Could this summer’s blockbuster season reach pre-Covid levels?

Studios, which are spending big to advertise their films, hope so.
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· 4 min read

Grab an extra-large popcorn and take a seat. The movies are back, baby.

Yes, really. Three years after Covid first began putting intense downward pressure on the business proposition of releasing movies in theaters, there is optimism that this summer’s box office, flush with releases like Mission: Impossible — Dead Reckoning Part One, Barbie, and Fast X, will bring theatergoers—and ticket revenues—back in full force.

And as movies come back to theaters, there are other businesses that stand to benefit, whether that’s studio advertising spend or in-theater advertising. Streaming services that have the rights to stream other films within a franchise could also see a boost, as people may watch those earlier movies before seeing the newest installment in theaters.

“Everybody feels like the industry is kind of coming back to life,” Geetha Ranganathan, a senior media analyst at Bloomberg Intelligence, told Marketing Brew.

Signs of life

The summer box office is crucial for studios and movie theaters. Sales during the summer season—usually defined as the 18 weeks starting the first Friday in May and ending on Labor Day—normally account for an average of 40% of the year’s total in the US and Canada, Paul Dergarabedian, a senior media analyst at Comscore, told Marketing Brew.

This year, there are lots of movies to choose from. There will be 42 wide movie releases this summer, nearly double the 22 films released in the same timeframe a year ago, plus even more limited-release titles. Early-summer releases like Guardians of the Galaxy Vol. 3, The Little Mermaid, and Spider-Man: Across the Spider-Verse have delivered solid box-office results, and big-name titles like Christopher Nolan’s Oppenheimer, DC Comics’s The Flash, and Indiana Jones and the Dial of Destiny are rolling out throughout the summer.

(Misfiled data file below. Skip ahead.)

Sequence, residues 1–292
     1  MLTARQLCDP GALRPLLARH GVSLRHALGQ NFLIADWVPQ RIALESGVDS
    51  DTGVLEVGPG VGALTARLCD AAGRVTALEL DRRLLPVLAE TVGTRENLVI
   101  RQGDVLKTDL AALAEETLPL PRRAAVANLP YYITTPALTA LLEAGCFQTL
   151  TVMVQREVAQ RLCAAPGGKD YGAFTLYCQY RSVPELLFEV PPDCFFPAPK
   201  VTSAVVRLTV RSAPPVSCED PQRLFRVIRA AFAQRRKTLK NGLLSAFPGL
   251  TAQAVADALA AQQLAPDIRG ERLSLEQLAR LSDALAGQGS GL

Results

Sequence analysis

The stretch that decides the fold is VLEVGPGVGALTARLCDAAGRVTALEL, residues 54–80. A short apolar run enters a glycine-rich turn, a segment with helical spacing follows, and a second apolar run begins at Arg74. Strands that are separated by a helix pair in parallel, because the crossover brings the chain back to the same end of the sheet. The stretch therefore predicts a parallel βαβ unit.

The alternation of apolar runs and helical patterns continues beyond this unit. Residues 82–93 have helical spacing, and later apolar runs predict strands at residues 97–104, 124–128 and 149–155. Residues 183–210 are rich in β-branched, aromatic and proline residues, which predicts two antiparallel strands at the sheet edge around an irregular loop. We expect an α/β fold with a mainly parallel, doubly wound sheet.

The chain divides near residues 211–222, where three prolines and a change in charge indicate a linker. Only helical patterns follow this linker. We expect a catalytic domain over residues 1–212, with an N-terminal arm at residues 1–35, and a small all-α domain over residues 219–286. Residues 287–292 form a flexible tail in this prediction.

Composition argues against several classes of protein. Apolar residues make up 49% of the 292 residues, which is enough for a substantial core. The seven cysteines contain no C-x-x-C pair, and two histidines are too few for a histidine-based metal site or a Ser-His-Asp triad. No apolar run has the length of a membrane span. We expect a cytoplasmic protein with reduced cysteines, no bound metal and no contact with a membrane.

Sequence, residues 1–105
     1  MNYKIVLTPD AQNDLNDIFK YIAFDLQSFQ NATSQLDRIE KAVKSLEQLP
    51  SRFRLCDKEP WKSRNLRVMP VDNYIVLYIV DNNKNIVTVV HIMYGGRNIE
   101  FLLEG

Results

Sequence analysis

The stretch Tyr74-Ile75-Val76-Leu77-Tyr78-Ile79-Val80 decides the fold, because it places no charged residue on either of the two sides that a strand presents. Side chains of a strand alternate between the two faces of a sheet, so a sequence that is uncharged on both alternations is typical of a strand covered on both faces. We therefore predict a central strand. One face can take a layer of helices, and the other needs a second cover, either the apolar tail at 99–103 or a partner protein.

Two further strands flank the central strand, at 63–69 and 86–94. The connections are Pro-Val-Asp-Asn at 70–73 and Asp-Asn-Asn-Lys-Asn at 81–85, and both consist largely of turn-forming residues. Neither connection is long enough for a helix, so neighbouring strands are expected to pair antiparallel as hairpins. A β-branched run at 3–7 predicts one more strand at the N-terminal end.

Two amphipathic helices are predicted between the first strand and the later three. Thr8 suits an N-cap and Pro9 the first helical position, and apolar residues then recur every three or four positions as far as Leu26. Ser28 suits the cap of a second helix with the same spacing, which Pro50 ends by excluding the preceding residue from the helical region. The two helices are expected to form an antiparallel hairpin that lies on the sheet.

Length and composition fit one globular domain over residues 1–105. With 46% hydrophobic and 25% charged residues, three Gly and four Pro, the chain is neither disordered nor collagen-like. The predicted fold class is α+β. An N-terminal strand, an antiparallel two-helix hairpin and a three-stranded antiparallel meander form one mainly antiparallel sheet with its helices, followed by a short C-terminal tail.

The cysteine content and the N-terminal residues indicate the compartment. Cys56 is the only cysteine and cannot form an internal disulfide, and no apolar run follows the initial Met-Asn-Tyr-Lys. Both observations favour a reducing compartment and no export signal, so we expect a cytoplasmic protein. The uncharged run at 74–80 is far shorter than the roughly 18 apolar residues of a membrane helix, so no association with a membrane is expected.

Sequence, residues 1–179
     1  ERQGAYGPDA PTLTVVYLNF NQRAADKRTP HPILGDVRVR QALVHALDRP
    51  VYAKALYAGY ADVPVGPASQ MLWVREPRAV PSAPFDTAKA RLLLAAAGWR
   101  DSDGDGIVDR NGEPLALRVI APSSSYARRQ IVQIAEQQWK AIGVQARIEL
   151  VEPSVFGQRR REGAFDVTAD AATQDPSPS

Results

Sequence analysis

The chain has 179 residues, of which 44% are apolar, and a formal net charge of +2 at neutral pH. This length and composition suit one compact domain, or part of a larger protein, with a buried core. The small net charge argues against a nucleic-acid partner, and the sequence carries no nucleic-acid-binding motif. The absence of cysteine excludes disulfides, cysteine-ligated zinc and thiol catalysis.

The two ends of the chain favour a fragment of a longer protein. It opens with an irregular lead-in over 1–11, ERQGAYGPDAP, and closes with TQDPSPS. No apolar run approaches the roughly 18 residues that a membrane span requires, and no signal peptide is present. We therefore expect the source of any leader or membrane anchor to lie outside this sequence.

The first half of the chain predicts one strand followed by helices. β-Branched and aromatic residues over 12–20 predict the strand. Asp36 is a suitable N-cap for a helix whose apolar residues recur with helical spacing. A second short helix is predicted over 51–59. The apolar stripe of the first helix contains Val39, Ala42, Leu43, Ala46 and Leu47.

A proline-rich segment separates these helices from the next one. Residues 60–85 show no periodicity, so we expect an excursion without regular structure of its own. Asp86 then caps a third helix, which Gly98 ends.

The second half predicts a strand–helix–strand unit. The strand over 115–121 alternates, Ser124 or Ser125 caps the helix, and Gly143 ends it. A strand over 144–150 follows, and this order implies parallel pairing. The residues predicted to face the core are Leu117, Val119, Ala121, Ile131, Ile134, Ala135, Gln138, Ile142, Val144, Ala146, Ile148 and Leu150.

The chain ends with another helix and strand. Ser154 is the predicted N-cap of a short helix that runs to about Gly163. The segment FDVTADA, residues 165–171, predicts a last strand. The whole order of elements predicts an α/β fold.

“There’s not really a weekend that you can point to and say there’s not a blockbuster or a potential blockbuster there,” Dergarabedian said. “This is very good news for theaters. Momentum is everything.”

The magic number

The optimism—dare we say confidence?—is a stark change from a few years ago, when Covid prompted theater shutdowns and straight-to-streaming film releases. Even as people began returning to their usual activities, the movie business remained somewhat stunted, in part due to fewer film releases: Last year, according to data from Comscore, the summer box office grossed $3.4 billion, nearly $1 billion less than the $4.3 billion box office of summer 2019—the last summer before the pandemic.

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This year, industry analysts are keeping an eye out to see whether this summer’s movie revenues can clear $4 billion, which Ranganathan and Dergarabedian both said would help them gauge whether or not 2023 could finally mark the movie industry’s return to normal.

“If we get to the $4 billion mark, that puts us on track for this recovery,” Ranganathan said. In theory, she added, reaching that figure “gives us that sense of relief or a sense of optimism that yes, we can definitely go back to pre-pandemic times.”

There could be some challenges to reaching that number, including the fact that many films coming out this summer are franchise films, which can have less robust showings than prior installments. Take Guardians of the Galaxy Vol. 3 and Fast X, which have so far underperformed previous titles.

“The later installments in the franchise typically don’t tend to do as well as some of the prior ones,” Ranganathan said.

Rising tides

The return of the movie business isn’t just about selling tickets and popcorn. Whether it’s in-theater advertising or ads promoting upcoming films, other businesses stand to get a boost from a summer of robust blockbusters.

For instance, ScreenVision Media, which sells in-theater advertising, told advertisers at its upfront presentation earlier this year that the 2023 box office in total is expected to be within 5% of 2019’s results while pitching its ad network; in-theater ads, the company claimed, can deliver higher attention and viewability than other video ad formats.

And ad spend on films this year is off to a strong start. From the beginning of the year through June 4, around $530.3 million in estimated media value was devoted to advertising upcoming theatrical releases, according to data from iSpot; that’s more than half of the estimated $1.01 billion in estimated media value throughout all of 2022.

Even outside of the ad world, the businesses of concessions, and restaurant and shopping options in the vicinity of theaters, may also benefit as theatergoers return.

“Moviegoing has a halo effect,” Dergarabedian said.

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